Killingly Journal Online,First Online Edition, 12/97
By Margaret Markunas Weaver
1693 - Richard Evans became Killingly's first settler.
1708 - Killingly was incorporated.
1728 - Thompson parish was established in northern Killingly.
1774-1781 - Killingly participated in the Revolution and sent many men to the Lexington Alarm.
1785 - Thompson was incorporated. Killingly's northern bound was situated near Pitkin Road in present-day Putnam.
1786 - Brooklyn was incorporated from parts of Pomfret and Canterbury.1787 - Killingly native Manasseh Cutler was instrumental in having the Northwest Ordinance passed by Congress. This paved the way for the great westward migration.
1796 - Westfield's original meetinghouse was constructed on the present Oliverson property to the east of Route 12 in Danielson.
1809 - Pomfret United Agricultural Society founded.
1810 - The Danielson factory, one of the first in northeastern Connecticut, commenced operations with a wooden mill adjacent to the Five Mile River not too far from the present brick mill at the junction of Routes 12, 6, and Maple Street.
1836 - Killingly was the greatest cotton manufacturing town in Connecticut.
1840 - The railroad opened in Killingly and spurred the growth of commercial centers in Danielson and Dayville.
1850 - Pomfret United Agricultural Society reorganized as Windham County Agricultural Society. First president - Col. William Alexander, Dayville, CT. Sponsor of the Windham County Fair (aka Brooklyn Fair).
1851 - Quinebaug Mills, under owner Amos D. Lockwood, began to build their new factory on the west side of the Quinebaug River near the 1820 Tiffany mill.
1854 - Under the leadership of Lockwood, the Borough of Danielsonville was chartered and included present Danielson and the Quinebaug Company village on the west side of the river.
1855 - Putnam was incorporated from northern Killingly, part of Thompson, and part of Pomfret. Killingly assumed its present bounds.
1861-1865 - Killingly sent many young men to participate in the Civil War. The monument in Davis Park was erected in their honor.
1868 - The present brick factory at the junction of Maple Street and the rotary was erected for the Danielson Manufacturing Company. This large factory and the Quinebaug mill spurred the arrival of the French-Canadian immigrants who worked in the mills.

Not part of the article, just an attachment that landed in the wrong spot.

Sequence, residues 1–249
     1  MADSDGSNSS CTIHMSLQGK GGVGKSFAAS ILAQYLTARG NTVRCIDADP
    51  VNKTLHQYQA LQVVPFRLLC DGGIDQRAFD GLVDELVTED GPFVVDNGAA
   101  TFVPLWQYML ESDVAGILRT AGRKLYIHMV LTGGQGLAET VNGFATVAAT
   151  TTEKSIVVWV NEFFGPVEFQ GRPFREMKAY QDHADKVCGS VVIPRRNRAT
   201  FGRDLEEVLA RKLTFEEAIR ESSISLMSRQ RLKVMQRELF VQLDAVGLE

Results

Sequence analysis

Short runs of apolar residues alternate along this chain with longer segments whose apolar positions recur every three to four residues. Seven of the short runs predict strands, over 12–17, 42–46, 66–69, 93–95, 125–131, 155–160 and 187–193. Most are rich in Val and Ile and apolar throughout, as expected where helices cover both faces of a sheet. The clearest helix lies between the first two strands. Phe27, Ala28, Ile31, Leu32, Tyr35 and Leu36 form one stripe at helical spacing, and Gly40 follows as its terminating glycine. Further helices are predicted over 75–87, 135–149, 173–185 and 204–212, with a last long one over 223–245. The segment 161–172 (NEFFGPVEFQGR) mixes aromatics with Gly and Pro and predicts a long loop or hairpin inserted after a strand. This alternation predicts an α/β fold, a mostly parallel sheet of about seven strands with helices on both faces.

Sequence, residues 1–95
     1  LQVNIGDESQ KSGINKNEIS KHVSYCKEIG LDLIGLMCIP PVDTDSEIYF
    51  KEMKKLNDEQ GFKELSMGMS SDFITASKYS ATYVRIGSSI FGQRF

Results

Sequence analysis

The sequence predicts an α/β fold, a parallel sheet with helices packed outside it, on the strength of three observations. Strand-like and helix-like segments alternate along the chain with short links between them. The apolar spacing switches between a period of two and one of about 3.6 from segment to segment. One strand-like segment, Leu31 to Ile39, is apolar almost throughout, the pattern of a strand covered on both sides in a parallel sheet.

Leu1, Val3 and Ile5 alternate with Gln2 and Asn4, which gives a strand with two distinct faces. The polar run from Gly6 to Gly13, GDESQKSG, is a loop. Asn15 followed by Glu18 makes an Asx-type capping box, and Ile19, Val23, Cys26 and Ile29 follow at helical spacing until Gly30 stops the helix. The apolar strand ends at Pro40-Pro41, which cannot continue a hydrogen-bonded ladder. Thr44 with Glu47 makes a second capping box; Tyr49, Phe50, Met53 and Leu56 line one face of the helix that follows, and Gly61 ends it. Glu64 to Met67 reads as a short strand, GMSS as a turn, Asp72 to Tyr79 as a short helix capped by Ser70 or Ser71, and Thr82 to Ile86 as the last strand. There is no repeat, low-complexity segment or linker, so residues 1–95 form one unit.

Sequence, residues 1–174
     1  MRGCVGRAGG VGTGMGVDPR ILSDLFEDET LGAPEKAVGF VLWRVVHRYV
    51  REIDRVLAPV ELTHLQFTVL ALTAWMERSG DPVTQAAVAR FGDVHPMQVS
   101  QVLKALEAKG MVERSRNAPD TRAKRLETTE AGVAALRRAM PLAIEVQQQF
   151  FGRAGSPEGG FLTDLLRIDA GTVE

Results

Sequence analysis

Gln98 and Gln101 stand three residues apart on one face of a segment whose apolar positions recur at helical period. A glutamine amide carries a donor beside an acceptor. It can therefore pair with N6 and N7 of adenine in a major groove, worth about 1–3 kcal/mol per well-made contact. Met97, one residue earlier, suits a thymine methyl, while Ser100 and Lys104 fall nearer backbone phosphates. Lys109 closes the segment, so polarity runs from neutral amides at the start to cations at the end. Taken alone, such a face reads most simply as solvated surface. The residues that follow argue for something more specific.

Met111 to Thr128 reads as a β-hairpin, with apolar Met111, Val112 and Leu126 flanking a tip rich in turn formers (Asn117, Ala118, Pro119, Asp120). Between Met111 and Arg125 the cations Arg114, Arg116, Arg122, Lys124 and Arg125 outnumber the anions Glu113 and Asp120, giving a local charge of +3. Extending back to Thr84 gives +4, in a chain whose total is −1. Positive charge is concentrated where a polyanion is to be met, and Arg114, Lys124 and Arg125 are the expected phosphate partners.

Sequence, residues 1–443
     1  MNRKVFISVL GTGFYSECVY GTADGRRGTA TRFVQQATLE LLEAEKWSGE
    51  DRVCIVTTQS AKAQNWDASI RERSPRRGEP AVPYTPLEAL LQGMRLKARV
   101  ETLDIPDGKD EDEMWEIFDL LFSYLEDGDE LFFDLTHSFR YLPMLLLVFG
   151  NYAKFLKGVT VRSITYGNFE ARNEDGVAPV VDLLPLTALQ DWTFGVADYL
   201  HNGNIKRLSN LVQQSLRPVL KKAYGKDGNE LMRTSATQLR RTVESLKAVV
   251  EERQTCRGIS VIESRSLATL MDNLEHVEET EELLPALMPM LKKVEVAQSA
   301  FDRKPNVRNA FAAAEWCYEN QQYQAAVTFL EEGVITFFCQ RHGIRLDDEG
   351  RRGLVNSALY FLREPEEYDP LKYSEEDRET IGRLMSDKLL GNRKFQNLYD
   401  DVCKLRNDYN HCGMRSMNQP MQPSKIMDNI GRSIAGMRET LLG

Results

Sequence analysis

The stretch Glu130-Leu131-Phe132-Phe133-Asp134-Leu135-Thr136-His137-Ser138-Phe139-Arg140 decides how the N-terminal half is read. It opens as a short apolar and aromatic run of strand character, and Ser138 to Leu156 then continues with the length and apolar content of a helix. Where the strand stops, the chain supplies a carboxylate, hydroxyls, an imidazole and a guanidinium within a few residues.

1870's & 1880's - This was Killingly's "Golden Age" as great wealth resulted from the prosperity of the factories. Killingly Grammar School (School Street), the Music Hall (Town Hall), and numerous brick commercial buildings were erected in Danielson.
1885 - Quinebaug Valley Poultry Association established. Second oldest Poultry Association in the United States.
1888 - The Great Blizzard of March blanketed the area with enormous snowdrifts.
1895 - The name Danielsonville was shortened to Danielson.
1899 - The west bound of the Borough was changed to the Quinebaug River, and the Quinebaug Factory area was no longer included.
1901 - The People's Tramway Company began construction of a trolley line between Danielson and Putnam. Within a few years a trolley also ran from Elmville through East Killingly to Providence.
1908 - Killingly celebrated the bicentennial of its 1708 founding.
1914 - Killingly's men participated in World War I.
1918 - Factories which had been in severe difficulties were fully operational.
1920 - Powdrell and Alexander commenced curtain manufacturing in Killingly, rejuvenating the sagging economy, and soon had six factories operating in the town. During their heyday Danielson earned the name "Curtaintown U.S.A."
1930's - The Great Depression caused a great slowdown and several mills closed.
1936 - In March the Five Mile River and Quinebaug River caused severe flood damage.
1938 - On September 21 a severe hurricane, unlike any other ever seen, caused extensive damage to the region and toppled the spire on Westfield Congregational Church.
1941-1945 - Killingly residents again reacted to the call to arms in World War II. Once again a faltering economy was rejuvenated with the demand for war-related supplies.
1950's - Killingly's economy was devastated when Powdrell and Alexander closed their curtain manufacturing operations.
1958 - Numerous improvements in the highways and bridges in Killingly paved the way for revitalization. The rotary in Danielson was completed and Route 6 was altered; the new bridge across the Quinebaug River replaced the old iron one. Most important in the terms of future growth, the Connecticut Turnpike was completed and part of the Connector was opened.
1965 - The new Killingly High School opened, replacing the structure on Broad Street which was converted to the Junior High.
1970 - Killingly's first nine-member Town Council was sworn into office.
Killingly native, Sidney P. Marland, was named United States Commissioner of Education under President Nixon.
1974 - Killingly's Industrial Development Corporation purchased land for the present industrial park.
Owen Bell Park was officially dedicated.
1980's - Killingly has seen the growth of the area near the junction of Routes 101 and 12 and I-395. Businesses have located near this transportation hub just as their predecessors did following the arrival of railroad stations in Danielsonville and Dayville.
1989 - Killingly Intermediate School built.
1994 - Route 6 & 12 reconstruction.
1995 - River Trail dedication.
Killingly Journal Online,The Killingly Historical Society